Dogs, Cats and other small animals imported into New Zealand must undergo import quarantine, in accordance with the Rabies Prevention Law. On Condition that the following criteria have been fulfilled, the quarantine period for a dog or cat entering New Zealand is 180 days. 150 of these days can be completed in the country of origin, however there is a mandatory 30-day quarantine for all live animals entering the country. Before beginning the import procedures, make sure that your vet is approved by the Government Veterinarian Authority in the country of origin. For example, if an animal is departing the United States, the vet will need to be USDA Accredited.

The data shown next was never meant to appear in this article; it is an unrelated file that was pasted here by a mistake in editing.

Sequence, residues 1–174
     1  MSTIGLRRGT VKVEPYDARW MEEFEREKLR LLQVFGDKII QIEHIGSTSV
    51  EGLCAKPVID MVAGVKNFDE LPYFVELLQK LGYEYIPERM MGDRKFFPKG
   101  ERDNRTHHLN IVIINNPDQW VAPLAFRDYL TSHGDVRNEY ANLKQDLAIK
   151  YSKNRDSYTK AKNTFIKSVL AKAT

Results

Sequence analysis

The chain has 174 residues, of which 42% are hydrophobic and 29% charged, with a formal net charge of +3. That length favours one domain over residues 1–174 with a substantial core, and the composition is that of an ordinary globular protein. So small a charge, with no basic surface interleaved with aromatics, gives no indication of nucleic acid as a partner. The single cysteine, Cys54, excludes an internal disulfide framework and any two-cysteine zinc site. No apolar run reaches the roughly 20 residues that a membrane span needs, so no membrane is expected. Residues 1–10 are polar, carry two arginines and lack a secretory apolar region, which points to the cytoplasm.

Requirements IN SUMMARY:
Time before arrival: At least: Action
210 days MICROCHIP IMPLANTING: Animal must have (or obtain) microchip identification. This must be done before the rabies vaccinations. The only microchips that can be read In New Zealand are ISO 11784 and 11785 Standards. For any other chips, you must bring your own microchip reader.
During import inspection at the time of arrival in New Zealand, if the microchip number is not confirmed or the microchip number is not the same as that on the inspection certificate, the animal will be subject to a 180-day quarantine period or returned to the country of origin.
PLEASE MAKE SURE ALL MICROCHIP NUMBERS MATCH ON EVERY DOCUMENT.
210 days After implant of the microchip, the animal receives a new rabies vaccination. This must be “inactivated rabies vaccinations.” Be sure to obtain certification of the period of validity for the particular vaccinations that you obtain (some are good for two years, others for only one).